Donald Michael Kraig

Donald Michael Kraig

“To all my friends, readers, and students: I apologize for not being able to write you directly, however the God and Goddess have given me new challenges to face. Upon hearing of all the support you are giving me, I am unimaginably grateful. I have no doubt that while there will be challenges to come, the God and Goddess will not be bringing me to the Summerland anytime soon. In perfect love and in perfect trust, Donald Michael Kraig” – Donald Michael Kraig, responding to an outpouring of support after word went out that he was battling stage 4 pancreatic cancer. You can read more about this, here.

That’s all I have for now, have a great day!

Jason Pitzl-Waters


  • T Thorn Coyle

    One community note to add to Sara and Anne’s words on West Virginia chemical disaster: Solar Cross has collected $1237 in donations to send to service workers affected by the chemical spill in West Virginia. We will be sending a check to Charleston Unitarian congregation today.

    We give thanks to everyone who spread the word – including the Wild Hunt – and to Crow, Ellen, Kristina, Shannon, Christine, Jenya, Samara, Marian, Laura, Helene, Mary, Fortuna, Jody, James, Tony, Sean, Joan, Lily, Karen, Denise, Rebecca, Rosalind, Kimberly, Elizabeth, Jason, Gerald, Lezlie, Kimberly, Justyna, Christine, Rhiannon, Jennifer, Misha and Benjamin.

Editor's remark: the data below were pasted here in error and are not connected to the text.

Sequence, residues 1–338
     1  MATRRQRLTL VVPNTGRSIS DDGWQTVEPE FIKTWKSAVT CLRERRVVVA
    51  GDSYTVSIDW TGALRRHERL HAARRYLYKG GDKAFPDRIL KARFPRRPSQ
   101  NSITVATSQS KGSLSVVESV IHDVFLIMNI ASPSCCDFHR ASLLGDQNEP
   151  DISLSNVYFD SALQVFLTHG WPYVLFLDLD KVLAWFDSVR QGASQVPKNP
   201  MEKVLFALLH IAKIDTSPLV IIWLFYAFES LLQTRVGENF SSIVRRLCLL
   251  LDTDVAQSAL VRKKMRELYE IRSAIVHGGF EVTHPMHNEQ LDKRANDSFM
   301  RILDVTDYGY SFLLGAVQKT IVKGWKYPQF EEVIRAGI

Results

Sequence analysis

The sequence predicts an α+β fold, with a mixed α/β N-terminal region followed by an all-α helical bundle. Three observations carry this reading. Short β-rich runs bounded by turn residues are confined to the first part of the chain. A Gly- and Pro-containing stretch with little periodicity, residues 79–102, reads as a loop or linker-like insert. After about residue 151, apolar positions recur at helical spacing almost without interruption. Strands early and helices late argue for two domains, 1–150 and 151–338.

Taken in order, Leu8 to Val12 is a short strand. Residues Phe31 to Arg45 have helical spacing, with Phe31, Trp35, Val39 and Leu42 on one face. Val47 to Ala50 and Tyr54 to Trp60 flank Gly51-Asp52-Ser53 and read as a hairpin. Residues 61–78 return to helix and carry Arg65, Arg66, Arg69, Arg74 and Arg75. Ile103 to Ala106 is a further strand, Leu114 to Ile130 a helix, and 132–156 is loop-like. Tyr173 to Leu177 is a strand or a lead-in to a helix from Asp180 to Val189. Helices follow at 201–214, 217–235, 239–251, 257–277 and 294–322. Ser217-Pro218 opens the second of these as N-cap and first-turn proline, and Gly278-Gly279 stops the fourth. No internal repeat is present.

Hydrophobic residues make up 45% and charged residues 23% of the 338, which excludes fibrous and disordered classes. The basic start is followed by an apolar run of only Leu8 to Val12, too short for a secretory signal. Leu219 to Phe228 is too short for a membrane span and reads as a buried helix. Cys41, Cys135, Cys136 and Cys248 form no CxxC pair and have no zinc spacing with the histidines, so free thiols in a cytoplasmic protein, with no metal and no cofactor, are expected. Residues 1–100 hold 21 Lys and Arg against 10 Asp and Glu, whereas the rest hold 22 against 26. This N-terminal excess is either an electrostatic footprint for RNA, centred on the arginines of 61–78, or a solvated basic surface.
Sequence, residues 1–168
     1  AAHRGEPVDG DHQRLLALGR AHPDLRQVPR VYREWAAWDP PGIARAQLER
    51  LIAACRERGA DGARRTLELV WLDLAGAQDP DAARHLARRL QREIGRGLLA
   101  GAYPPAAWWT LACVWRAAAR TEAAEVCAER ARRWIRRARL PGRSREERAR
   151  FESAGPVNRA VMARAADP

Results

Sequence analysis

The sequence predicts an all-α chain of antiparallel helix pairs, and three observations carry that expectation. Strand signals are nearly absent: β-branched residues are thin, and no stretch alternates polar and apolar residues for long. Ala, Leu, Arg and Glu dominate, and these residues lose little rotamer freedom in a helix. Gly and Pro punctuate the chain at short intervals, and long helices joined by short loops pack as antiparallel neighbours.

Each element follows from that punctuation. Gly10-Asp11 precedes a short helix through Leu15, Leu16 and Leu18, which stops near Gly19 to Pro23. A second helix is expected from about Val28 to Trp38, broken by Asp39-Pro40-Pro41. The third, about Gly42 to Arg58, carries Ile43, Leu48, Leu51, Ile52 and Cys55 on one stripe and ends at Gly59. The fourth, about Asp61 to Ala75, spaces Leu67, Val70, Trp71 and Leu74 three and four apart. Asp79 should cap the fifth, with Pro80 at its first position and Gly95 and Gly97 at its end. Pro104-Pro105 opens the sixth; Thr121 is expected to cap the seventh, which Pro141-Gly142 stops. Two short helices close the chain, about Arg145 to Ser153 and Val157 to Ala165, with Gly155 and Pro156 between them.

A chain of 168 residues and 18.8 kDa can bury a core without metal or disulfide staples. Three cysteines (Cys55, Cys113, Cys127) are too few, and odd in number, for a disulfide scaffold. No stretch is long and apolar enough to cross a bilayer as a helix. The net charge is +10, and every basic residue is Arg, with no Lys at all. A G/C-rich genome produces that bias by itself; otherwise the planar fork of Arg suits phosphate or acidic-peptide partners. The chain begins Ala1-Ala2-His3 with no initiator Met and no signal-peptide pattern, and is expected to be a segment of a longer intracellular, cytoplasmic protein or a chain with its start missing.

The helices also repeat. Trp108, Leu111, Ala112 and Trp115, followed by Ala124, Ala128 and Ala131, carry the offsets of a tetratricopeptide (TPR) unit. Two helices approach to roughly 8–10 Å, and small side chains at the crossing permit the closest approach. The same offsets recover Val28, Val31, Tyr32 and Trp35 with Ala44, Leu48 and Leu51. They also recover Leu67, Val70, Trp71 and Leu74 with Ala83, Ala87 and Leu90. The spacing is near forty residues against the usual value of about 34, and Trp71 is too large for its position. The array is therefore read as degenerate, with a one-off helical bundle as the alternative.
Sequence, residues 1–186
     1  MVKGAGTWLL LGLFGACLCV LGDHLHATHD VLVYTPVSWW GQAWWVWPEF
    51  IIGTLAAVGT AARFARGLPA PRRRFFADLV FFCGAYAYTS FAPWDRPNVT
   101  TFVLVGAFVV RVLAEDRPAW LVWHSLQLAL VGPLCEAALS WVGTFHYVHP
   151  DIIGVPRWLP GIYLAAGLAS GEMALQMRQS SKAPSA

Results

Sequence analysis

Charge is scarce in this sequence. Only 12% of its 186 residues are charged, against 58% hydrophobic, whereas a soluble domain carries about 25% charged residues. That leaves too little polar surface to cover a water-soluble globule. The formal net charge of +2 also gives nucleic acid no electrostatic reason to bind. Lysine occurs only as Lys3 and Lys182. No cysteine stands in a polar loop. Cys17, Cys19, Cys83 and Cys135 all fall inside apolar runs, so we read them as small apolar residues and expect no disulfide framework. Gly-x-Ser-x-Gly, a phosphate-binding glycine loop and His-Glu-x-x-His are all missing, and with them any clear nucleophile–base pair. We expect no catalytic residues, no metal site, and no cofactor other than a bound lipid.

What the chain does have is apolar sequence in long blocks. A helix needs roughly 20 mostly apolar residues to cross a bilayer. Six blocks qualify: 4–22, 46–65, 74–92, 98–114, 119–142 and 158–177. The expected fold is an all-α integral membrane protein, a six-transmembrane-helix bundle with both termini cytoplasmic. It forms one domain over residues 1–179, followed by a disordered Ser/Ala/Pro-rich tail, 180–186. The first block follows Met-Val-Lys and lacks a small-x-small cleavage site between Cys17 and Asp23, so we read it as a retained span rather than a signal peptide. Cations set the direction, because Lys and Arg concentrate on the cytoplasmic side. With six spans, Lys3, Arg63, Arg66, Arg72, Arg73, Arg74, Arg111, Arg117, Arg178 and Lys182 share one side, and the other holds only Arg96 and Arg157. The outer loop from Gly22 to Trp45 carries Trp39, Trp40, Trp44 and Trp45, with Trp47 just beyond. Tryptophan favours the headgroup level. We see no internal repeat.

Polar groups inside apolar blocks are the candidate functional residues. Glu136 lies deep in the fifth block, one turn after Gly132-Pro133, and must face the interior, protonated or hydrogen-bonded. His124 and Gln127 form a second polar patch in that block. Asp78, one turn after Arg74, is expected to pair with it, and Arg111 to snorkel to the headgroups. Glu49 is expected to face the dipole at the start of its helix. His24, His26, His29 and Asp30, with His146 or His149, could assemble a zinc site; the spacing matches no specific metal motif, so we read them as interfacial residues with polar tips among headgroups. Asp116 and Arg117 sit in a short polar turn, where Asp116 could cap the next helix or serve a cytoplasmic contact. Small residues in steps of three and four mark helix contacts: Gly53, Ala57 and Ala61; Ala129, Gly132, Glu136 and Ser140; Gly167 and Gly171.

for more on the story:

    thanks and blessings – Thorn

  • Lēoht “Sceadusawol” Steren

    I completely agree with what Shauna Aura Knight is saying. There seems to be a great amount of hesitation in people actually paying for the things they want.

    • Cathryn Platine

      I totally agree, I reblogged Shauna’s article because it needs to be seen and talked about

    • I have begun to believe this wanting everything free is not only about stinginess and the supposed lack of funds. I think it is a remnant of the old ’60’s hippie days when people thought everything should be free. Most of the people from that time came to find out that such a dream utopia was an illusion. Pagans, like hippies, have got to wake up and come to this realization. The hard truth of the world is that you get what you pay for.

      • Lēoht “Sceadusawol” Steren

        I’m fortunate that the 60s is before my time.

        (Can’t complain about that decade too much, it gave the world Black Sabbath.)

    • kenofken

      There is the issue of a freeloading mentality, but the reality is that most pagans simply don’t want most of the things we’re being called too cheap to pay for.